There are a lot of different types of talk shows and hosting styles in the world. You can be anyone from Jerry Springer having fights on your show to Charlie Rose having detailed in-depth intellectual conversations with major thought leaders and everything in between. Your talk show could involve sports, entertainment, public policy, or total fluff. But at the heart of it, it has to involve talking.
The talk show is not just an entertainment show of dancing and singing. It’s not scripted entertainment or fiction. It’s you talking with guests, being comfortable talking, and being interesting for your particular audience. If you’re on broadcast TV, you might be going for an audience of fifty-eight venture capitalists. If your focus is just on venture capital, reaching the right audience is more important than a mass audience. There are lots of things you need to learn and be aware of.
This article is going to teach you the basics and skills you must possess in order to become a talk show host. Let’s start!
Decide Show Format and Style
The first thing you have to decide is what sort of talk show you want to have and who you want your audience to be. Is it going to be a big-time talk show with two hundred people in the audience? Is it going to be a cable access show? Or you are simply interviewing a local fire chief or a local head of charities in your community and have no audience?
You need to decide the style, format, and focus of the show. There are host-focused shows like, for example, Bill O’Reilly. He has guests, but the show is primarily about him and his worldview. Such shows can be quite popular, but it’s a hard show to do if you don’t have a tremendous amount of broadcast experience and a lot of interesting things to say. The more typical scenario is a guest-focused show where you’re putting a spotlight on the guest and trying to know their views and opinions.
It’s a good idea to create a business plan for your talk show. To begin the process, you must ask yourself several questions like what will be the format and subject matter. Is it a current event or news? Who is your audience? What is it you’re going to talk about? What is the focus if you’re going to have guests? What sort of guests are you going to have? Write down answers to these questions right now so you can have a sense of a plan.
Find Your Inspiration
While you’re in the planning stages, you need to figure out who your role model is. Think about what talk shows you actually enjoy. You look at almost any successful talk show host and they can point to someone who is an inspiration to them. For example, Jimmy Fallon’s Tonight Show grew up watching Johnny Carson and Jay Leno. Oprah Winfrey watched Phil Donahue and enjoyed his show. Each one made their own shows a little bit different. Charlie Rose worked for many years for Bill Moyers, and a lot of his shows are similar to what Bill Moyers shows used to be like. So, figure out who it is you admire and learn from their shows.
These days, they’re all on YouTube. You can go back and watch every kind of Dick Cavett Show interviewing William F. Buckley from 1971 if you want. But what sort of show do you want to have? What host do you admire? I would urge you to go back and watch those hosts on YouTube and try to study what they’re doing. Note how long their questions are. Notice how they decide when to sit back and let the guest talk and when they interject and dominate.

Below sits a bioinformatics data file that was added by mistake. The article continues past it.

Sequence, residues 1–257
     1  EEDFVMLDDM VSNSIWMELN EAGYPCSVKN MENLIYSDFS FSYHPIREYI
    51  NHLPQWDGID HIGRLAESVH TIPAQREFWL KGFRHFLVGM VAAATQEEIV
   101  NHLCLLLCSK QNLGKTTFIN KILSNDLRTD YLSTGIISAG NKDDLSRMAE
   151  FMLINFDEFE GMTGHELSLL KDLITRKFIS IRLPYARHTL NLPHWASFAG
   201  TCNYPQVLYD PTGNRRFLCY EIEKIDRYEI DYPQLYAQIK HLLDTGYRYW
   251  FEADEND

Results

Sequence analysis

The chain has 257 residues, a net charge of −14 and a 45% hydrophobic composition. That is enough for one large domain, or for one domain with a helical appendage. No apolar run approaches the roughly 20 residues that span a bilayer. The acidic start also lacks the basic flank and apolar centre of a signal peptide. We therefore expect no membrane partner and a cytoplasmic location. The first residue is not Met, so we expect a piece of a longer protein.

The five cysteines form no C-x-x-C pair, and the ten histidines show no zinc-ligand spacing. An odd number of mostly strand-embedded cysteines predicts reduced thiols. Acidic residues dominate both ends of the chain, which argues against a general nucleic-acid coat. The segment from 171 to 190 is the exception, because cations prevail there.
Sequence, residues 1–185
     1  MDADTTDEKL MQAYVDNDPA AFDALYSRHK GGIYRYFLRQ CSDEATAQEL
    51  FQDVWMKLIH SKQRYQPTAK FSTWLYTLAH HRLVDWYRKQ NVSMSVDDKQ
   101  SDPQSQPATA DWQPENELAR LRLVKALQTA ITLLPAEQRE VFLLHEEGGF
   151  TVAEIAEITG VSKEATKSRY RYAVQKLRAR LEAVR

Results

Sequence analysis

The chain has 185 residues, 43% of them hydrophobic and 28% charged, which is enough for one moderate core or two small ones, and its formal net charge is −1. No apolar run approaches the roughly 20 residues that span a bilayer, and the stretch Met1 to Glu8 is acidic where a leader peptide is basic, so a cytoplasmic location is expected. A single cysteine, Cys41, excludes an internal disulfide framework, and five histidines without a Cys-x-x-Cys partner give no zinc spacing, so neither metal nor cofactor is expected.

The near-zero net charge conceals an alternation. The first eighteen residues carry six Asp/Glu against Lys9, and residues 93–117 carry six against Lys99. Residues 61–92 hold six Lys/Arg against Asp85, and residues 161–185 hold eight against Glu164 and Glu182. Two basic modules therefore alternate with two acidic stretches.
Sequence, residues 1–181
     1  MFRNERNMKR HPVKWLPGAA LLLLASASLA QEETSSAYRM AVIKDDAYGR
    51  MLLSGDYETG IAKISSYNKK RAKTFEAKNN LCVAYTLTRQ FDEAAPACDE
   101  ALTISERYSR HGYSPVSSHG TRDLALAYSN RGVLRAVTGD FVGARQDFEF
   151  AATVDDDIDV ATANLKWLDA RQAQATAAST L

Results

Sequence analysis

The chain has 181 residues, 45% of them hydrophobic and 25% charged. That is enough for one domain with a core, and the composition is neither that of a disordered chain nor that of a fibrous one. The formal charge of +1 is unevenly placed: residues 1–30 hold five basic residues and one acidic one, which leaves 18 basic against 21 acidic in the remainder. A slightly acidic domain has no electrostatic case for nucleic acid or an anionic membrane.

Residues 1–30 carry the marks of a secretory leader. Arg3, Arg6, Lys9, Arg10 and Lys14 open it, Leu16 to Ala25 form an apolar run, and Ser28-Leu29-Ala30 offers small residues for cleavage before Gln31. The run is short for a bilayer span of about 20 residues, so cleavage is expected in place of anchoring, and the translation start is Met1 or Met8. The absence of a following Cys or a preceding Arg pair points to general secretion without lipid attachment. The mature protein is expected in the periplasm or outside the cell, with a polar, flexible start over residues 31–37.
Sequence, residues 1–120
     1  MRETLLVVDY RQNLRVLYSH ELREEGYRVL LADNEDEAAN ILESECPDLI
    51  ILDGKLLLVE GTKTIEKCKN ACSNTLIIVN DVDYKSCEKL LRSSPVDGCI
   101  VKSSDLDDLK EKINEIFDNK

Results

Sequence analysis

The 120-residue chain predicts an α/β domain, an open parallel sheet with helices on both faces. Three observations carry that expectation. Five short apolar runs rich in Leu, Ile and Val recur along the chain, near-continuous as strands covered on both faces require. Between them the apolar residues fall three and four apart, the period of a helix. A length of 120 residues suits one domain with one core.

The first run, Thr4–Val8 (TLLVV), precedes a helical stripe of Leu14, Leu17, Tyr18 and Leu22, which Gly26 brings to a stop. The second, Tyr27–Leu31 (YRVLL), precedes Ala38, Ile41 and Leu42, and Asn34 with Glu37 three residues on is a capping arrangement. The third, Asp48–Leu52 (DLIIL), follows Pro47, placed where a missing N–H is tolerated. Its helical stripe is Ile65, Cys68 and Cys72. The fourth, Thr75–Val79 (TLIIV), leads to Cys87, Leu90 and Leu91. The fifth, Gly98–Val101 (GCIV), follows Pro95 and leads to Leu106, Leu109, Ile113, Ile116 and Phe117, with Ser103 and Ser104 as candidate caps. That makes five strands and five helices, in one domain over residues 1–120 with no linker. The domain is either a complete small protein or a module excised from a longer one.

It’s not that you’re going to copy them, but you’ll have a sense of style. So, think about it, write their names down, and watch at least three or four videos of them on YouTube to find your role models.
Decide Technical Format
Next, you need to decide what’s going to be the technical format of your talk show. These days, you have so many choices and a lot of them are extremely inexpensive.
The simplest way you can do a talk show is just to interview people through Skype video. You don’t have to go anywhere, you don’t need a big fancy studio, the person you’re interviewing doesn’t have to go anywhere, and there’s no travel expense. You can do it all from home. Now it’s unlikely you’re going to make millions from a show like that or even generate millions of views, but that’s OK. You’ve got to decide what works for you. If you don’t want to do live, go for one-on-one recorded interviews and you can even do that with a cell phone.
If you have your heart set on being on broadcast TV, you may have to spend a lot of money on a big, fancy pilot. I wouldn’t recommend that because it’s very hard to break into hosting these days by just creating a pilot. Instead, you could have a simple studio with one camera or a little fancier one with three cameras. You could do it on a cable access place, or you could just do it in your own living room.
You also need to decide if you’re going to do it live or not. Is it going to be an internet-based show? Or are you trying to have sort of the bigger, fancier production values of traditional broadcast TV? And I realize those lines are changing all the time with things like Netflix. You can get away with simpler production values if you’re going to launch this on YouTube first or your own corporate website.
Decide what the set is going to be. Is it just going to be the same place each time where you’re in a chair and you’re just sitting next to your guest? Or are you going to be on location interviewing people in different offices and different places out in the field?
These are fundamental decisions you have to make. Are you going to interview people through Skype? Is it going to be in person? Are you going to shoot this on your cell phone camera or is it going to be a webcam? Figure this out right now, come up with a plan, and write it down.